While oil and gas revenue in Saudi Arabia doesn't contribute an overwhelming portion to the GDP, it does account for the vast majority of the government's budget. What's more, hydrocarbon-related activity is heavily dominated by state-backed companies such as the Saudi Arabian Oil Co. and SABIC. One of the major goals of the ambitious Vision 2030 economic reform plan is to end this imbalance and shift the responsibility for economic growth to the private sector and away from the overburdened the public sector. In so doing, Saudi Arabia hopes to diversify its economy, particularly given that reaching peak oil demand is possible within the medium term.
But this shift is proving to be exceptionally hard to make. Political turmoil, including scandals and diplomatic snafus between Saudi Arabia and other countries and the uncertainty created by shifting oil prices, as well as a spotty record of hitting economic reform targets, is complicating the transition. It is also reducing foreign investors' interest in private sector projects and overall domestic investor confidence in the private sector.
The Tall Order of Attracting Investment
In fact, despite many of Riyadh's efforts to introduce confidence-building measures to bolster the private sector — including easier rules regarding visas and business ownership and the establishment of special economic zones — investors appear to be losing faith in the Saudi market. Indeed, there has been a clear downward trajectory in terms of foreign direct investment (FDI) in Saudi Arabia over the past decade. While some of this decline stems from an overall global lag in FDI after the 2008-09 financial crisis, Saudi Arabia and the Gulf Cooperation Council stand out. In 2017, Saudi Arabia only succeeded in attracting $1.4 billion — a figure that trails a number of poorer countries in the Middle East.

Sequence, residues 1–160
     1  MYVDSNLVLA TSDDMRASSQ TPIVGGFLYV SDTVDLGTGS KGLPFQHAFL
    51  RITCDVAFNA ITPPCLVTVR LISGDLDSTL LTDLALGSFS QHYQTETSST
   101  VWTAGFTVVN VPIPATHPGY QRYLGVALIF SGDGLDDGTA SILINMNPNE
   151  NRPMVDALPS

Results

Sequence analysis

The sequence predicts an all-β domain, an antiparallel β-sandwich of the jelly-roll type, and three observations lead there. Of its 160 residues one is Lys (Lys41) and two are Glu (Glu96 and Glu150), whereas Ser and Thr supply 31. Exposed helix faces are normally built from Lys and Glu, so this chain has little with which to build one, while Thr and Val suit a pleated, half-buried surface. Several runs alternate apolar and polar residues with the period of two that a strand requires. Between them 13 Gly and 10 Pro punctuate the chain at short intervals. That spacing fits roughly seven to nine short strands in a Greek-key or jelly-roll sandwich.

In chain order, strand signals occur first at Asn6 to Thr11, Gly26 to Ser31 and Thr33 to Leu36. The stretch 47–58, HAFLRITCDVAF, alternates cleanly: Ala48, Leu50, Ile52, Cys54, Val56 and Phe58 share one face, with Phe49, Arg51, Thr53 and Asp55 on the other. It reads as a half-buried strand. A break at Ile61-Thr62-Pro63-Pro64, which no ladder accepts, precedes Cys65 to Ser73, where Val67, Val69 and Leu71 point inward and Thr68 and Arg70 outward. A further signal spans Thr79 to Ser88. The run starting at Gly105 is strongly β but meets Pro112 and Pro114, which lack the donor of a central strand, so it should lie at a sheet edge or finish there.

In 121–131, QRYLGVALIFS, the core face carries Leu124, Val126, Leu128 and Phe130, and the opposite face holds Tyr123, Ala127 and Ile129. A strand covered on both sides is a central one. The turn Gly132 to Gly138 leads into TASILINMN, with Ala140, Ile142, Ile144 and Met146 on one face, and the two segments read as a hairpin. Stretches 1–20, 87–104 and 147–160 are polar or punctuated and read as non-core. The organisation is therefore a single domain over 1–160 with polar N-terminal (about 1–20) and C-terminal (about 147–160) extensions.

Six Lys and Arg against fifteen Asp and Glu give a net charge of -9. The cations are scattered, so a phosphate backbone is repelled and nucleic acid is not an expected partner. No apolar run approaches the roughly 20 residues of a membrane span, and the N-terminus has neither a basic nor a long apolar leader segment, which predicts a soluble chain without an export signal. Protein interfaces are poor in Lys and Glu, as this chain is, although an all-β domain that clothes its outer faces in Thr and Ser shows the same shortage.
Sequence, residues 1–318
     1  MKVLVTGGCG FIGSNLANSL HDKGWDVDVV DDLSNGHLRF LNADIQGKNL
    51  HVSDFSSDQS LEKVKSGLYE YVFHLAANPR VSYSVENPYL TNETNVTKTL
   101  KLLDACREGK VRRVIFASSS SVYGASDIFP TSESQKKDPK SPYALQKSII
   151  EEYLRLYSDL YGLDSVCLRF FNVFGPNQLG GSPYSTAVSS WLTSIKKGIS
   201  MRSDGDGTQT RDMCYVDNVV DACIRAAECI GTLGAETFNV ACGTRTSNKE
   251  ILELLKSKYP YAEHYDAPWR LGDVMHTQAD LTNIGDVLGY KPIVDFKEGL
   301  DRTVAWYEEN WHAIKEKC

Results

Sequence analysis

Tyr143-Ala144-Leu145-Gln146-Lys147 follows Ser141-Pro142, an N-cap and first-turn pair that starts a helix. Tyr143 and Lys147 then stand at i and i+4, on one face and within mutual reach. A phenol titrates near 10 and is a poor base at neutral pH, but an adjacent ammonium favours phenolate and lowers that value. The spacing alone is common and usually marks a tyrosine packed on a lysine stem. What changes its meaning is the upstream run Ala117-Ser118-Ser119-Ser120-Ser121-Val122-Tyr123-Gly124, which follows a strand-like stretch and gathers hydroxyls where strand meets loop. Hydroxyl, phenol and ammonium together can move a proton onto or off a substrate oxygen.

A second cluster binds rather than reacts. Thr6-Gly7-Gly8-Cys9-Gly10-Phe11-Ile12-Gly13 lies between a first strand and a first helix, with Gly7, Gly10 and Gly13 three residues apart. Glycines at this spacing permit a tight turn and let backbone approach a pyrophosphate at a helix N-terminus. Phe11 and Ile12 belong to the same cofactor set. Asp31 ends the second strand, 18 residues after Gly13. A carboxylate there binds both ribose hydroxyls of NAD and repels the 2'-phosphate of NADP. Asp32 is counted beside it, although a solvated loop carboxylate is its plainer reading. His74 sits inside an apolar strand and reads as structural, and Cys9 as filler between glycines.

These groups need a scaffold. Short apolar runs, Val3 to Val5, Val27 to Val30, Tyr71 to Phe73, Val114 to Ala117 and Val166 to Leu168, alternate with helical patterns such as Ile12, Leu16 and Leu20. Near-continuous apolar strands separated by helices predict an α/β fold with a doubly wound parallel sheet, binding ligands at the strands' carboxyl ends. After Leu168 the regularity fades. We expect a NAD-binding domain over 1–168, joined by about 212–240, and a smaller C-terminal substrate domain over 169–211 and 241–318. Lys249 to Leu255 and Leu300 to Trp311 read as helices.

In addition to its efforts on FDI, the country also eased the rules governing domestic investment on its Tadawul stock exchange for big institutional investors and adopted a U.N. industry classification system to help issue foreign investment licenses. Appearing to sweeten the pot was market-index provider MSCI, which recently said it would include Saudi Arabia in its emerging markets index in 2019, and JPMorgan, which stated that the kingdom (as well as the United Arab Emirates, Qatar, Bahrain and Kuwait) could join the bank's emerging market government bond indexes in 2019. But as Riyadh learned in the case of FDI, even if you build it, they won't necessarily come. In the end, investors have displayed overt reluctance about deepening their involvement with the Saudi stock exchange. In fact, Qatar's smaller stock exchange has attracted more investment so far in 2018 than Tadawul — all at a time when domestic capital is continuing to flow out of Saudi Arabia. Taken together, the developments suggest that domestic investors wish to take a breather on the sidelines after last year's disruptive anti-corruption purge.